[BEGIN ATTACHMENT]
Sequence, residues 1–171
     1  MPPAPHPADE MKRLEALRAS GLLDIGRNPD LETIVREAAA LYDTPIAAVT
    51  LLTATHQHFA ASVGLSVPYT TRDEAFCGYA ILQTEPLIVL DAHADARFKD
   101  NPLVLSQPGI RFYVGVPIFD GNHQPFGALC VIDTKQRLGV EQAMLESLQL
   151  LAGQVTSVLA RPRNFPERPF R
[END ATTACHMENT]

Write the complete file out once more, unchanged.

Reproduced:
Sequence, residues 1–171
     1  MPPAPHPADE MKRLEALRAS GLLDIGRNPD LETIVREAAA LYDTPIAAVT
    51  LLTATHQHFA ASVGLSVPYT TRDEAFCGYA ILQTEPLIVL DAHADARFKD
   101  NPLVLSQPGI RFYVGVPIFD GNHQPFGALC VIDTKQRLGV EQAMLESLQL
   151  LAGQVTSVLA RPRNFPERPF R